The overall objective is to analyze factors which have significant impacts on management of natural resource and agricultural systems in the Pacific Northwest. Economic models will be developed to assist in allocating resources across actions which can be classified into prevention, preparedness, response, and recovery categories. Prevention and preparedness are pre event (ex ante) measures, while response and recovery are post event (ex post) measures intended to reduce welfare losses associated with disturbances in agricultural industry and/or environment.
NON-TECHNICAL SUMMARY: Whether naturally-occurring, intentionally-orchestrated or unintentionally-caused, disruptions in ecosystem health and stability could have significant consequences on agricultural productivity, on regional and national economic systems, and on the environment. The overarching theme and purpose of this project is to study the elements of ex ante versus ex post allocation of efforts and resources pertaining to mitigation of disruptions in the agricultural industry and in ecosystem health and stability.
APPROACH: Both, analytical and empirical methods are expected be used to address these issues. Empirical methods will be used to quantitatively evaluate the implications of disturbances in agricultural production and environment, and to assess the effectiveness of corresponding mitigation strategies. The set of empirical methods includes, but is not limited to, econometric methods including count data analysis and mathematical programming methods including linear, non-linear and dynamic. <P>
PROGRESS: 2008/01 TO 2008/12 <BR>
OUTPUTS: Organized and chaired a principal paper session entitled "Effects Of Biosecurity Risk and Food Scare Events on Food Prices and Demand" at the annual meetings of the American Agricultural Economics Association, Orlando, FL, July 2008. Topics discussed were "Real Options and Game Theoretical Models of Interdependent Security along the Milk Supply Chain", "How Resilient Is the Demand for Food Products Following a Food Safety Scare", and "How and for how long do the frequency and severity of food scare events affect commodity market prices and volatility". Presented a paper, "Economics Analysis Of Mitigation Strategies For FMD Introduction In Highly Concentrated Animal Feeding Regions" at the Agricultural and Applied Economics Association annual meetings in Orlando, FL, July 2008. Participated as a coauthor with Yanhong Jin and Gabriel Power on a paper, "The Impact of North American BSE Events on Live Cattle Futures Prices" at the annual meetings of the Agricultural and Applied Economics Association, Orlando, FL, July 2008. Presented a paper, "Modeling of Avian Influenza Mitigation Policies within the Backyard Segment of the Poultry Sector" at the Western Agricultural Economics Annual Meetings in Big Sky, Montana, June, 2008 <BR>PARTICIPANTS: Collaborators on the study of the effects of BSE on commodity futures prices were: Yanhong Jin (Rutgers University), and Gabriel Power (Texas A&M University) Collaborators on the study of FMD mitigation in highly concentrated animal feeding region are Bruce McCarl (Texas A&M University), Michael Ward (University of Sydney), Linda Highfield (Texas A&M University), Bo Norby (Texas A&M University). This study was in part funded by the National Excellence Center for Foreign Animal and Zoonotic Disease Defense housed at Texas A&M University. <BR>TARGET AUDIENCES: Target audiences for these studies were livestock industry, government agencies responsible for animal health management and control of infectious animal disease outbreaks, and academic professionals involved in related research. The results of these studies were presented at the annual meetings of Agricultural and Applied Economics Association, and Western agricultural Economics Association. <BR><BR>IMPACT: 2008/01 TO 2008/12<BR>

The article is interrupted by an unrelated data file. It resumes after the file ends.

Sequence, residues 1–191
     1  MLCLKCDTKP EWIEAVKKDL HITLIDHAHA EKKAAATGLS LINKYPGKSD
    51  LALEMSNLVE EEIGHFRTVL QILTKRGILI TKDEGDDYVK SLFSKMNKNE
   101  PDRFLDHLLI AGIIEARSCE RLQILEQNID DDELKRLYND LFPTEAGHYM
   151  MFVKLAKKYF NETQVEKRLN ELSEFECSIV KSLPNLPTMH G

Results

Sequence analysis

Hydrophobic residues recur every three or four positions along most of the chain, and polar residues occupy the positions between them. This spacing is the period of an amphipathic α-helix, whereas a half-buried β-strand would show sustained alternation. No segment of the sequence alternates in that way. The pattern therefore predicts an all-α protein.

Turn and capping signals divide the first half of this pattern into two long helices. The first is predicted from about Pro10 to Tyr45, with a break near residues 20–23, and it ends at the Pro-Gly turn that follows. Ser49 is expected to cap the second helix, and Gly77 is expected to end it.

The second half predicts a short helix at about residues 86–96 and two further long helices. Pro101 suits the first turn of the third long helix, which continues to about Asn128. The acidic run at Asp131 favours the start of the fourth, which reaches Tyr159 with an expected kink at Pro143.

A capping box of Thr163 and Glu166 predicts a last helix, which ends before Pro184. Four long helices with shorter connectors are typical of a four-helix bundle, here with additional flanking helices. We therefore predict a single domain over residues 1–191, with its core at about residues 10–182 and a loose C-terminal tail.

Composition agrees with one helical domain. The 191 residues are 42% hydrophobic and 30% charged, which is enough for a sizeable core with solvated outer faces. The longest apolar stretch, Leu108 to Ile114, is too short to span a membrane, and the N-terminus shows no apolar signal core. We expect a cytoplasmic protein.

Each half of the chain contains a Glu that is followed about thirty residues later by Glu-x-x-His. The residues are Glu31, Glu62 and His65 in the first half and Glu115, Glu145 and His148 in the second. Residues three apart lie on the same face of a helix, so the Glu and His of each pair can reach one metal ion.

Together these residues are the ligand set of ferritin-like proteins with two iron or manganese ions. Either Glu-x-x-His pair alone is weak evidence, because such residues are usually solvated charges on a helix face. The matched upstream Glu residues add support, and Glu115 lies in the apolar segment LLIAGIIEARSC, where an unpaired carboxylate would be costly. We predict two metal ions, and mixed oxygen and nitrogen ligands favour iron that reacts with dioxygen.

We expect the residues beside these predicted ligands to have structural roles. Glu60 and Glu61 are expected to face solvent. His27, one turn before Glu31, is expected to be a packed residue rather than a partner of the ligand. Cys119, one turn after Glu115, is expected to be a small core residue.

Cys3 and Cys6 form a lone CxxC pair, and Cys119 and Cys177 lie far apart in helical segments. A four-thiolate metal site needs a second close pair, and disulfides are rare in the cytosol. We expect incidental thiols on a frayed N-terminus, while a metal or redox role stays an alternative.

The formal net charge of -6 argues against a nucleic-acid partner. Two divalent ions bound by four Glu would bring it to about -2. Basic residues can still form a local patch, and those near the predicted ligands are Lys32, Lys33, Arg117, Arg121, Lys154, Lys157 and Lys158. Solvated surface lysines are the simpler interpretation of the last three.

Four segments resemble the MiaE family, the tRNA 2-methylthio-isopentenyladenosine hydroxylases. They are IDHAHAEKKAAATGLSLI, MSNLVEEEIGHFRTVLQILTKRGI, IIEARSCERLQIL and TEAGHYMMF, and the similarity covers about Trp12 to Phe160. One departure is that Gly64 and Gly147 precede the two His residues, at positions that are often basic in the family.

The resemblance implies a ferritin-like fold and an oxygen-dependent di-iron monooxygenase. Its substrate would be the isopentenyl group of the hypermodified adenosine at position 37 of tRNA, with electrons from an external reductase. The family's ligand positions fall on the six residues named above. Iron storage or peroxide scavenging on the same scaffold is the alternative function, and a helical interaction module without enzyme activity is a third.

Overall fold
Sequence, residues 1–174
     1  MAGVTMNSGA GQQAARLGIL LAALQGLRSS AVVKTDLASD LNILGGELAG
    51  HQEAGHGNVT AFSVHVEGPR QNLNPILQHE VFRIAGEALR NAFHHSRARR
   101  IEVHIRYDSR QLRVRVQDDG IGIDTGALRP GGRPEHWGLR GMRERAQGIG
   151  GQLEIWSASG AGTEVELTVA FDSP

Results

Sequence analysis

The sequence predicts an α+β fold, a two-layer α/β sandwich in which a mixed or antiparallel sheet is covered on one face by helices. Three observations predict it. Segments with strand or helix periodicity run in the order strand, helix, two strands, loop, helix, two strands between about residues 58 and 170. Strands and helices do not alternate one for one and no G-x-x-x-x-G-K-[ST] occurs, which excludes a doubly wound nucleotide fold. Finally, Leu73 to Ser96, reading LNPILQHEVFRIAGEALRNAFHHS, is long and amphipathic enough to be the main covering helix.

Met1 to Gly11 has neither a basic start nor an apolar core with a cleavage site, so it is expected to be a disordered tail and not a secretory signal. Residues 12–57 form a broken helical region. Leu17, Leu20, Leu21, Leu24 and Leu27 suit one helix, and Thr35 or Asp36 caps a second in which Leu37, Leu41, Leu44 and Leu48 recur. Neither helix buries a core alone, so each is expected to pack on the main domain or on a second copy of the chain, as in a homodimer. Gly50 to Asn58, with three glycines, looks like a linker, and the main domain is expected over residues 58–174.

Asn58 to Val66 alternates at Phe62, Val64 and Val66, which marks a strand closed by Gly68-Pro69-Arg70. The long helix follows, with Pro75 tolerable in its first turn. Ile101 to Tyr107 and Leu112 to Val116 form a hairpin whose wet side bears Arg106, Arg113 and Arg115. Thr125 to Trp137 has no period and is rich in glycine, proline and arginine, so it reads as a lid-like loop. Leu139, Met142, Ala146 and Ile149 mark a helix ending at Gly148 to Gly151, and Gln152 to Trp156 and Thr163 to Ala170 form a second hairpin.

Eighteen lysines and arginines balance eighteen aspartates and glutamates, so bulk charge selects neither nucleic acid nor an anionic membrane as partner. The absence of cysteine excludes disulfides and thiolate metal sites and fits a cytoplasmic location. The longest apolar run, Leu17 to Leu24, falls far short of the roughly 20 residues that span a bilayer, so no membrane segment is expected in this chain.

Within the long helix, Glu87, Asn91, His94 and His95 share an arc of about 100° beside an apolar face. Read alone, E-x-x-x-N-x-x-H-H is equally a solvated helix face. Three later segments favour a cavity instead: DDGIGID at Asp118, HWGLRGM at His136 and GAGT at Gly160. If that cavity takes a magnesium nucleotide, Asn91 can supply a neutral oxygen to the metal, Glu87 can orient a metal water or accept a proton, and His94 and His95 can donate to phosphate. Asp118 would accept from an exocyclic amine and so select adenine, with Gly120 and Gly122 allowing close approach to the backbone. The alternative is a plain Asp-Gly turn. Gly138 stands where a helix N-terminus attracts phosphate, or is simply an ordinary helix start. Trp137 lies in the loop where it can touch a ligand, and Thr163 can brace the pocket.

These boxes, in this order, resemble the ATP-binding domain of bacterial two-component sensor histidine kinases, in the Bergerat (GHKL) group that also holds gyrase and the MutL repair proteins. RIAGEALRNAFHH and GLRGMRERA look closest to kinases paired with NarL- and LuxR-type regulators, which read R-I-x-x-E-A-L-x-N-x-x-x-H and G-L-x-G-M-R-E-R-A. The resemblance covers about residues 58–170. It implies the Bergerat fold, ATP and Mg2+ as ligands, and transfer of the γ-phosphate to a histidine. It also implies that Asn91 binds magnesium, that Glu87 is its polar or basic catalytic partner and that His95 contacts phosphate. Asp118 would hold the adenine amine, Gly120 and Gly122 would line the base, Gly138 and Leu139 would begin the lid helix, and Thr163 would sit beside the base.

The session on "Effects Of Biosecurity Risk and Food Scare Events on Food Prices and Demand" at the AAEA produced discussion which helped the attendees understand the risk related food scare events and market behavior. Implications for market demand and for commodity prices were discussed. Suspension of trade between US and Canada, caused by BSE outbreaks in Canada, was identified and discussed as a cause of structural change in commodity prices. In the study on the effects of BSE events on daily live cattle futures prices we learned that live cattle futures market experienced a structural break detected in October 2003. Several factors which could have potentially caused this structural break were identified. The study examined the effects of all sixteen North American BSE cases on live cattle futures prices by contract maturity month. More distant futures prices were shown to be affected lees than nearer contract prices. In the study on mitigation strategies for Foot and Mouth Disease (FMD) introduction in highly concentrated animal feeding regions we examined the effectiveness of enhanced surveillance, early detection, and enhanced vaccination strategies. It was discovered that early detection is the most desirable strategy for minimizing overall regional economic losses inflicted by FMD. These results contribute to the preparedness of US livestock industry to potential outbreak of FMD with the goal of minimizing total mitigation costs and induced damages. The study on mitigation of Avian Influenza showed that efforts to reduce the length of asymptomatic and symptomatic periods and efforts to reduce inter flock contact rates function as substitute strategies in the context minimizing costs of mitigation. The results indicate that for shorter asymptomatic periods the efforts to control inter flock contact rates should concentrate on symptomatic flocks, while for longer asymptomatic periods the control of inter flock contacts should be focused on asymptomatic flocks. These results provide an additional guidance principle for agencies responsible for preparedness and response measures against infectious livestock disease outbreaks.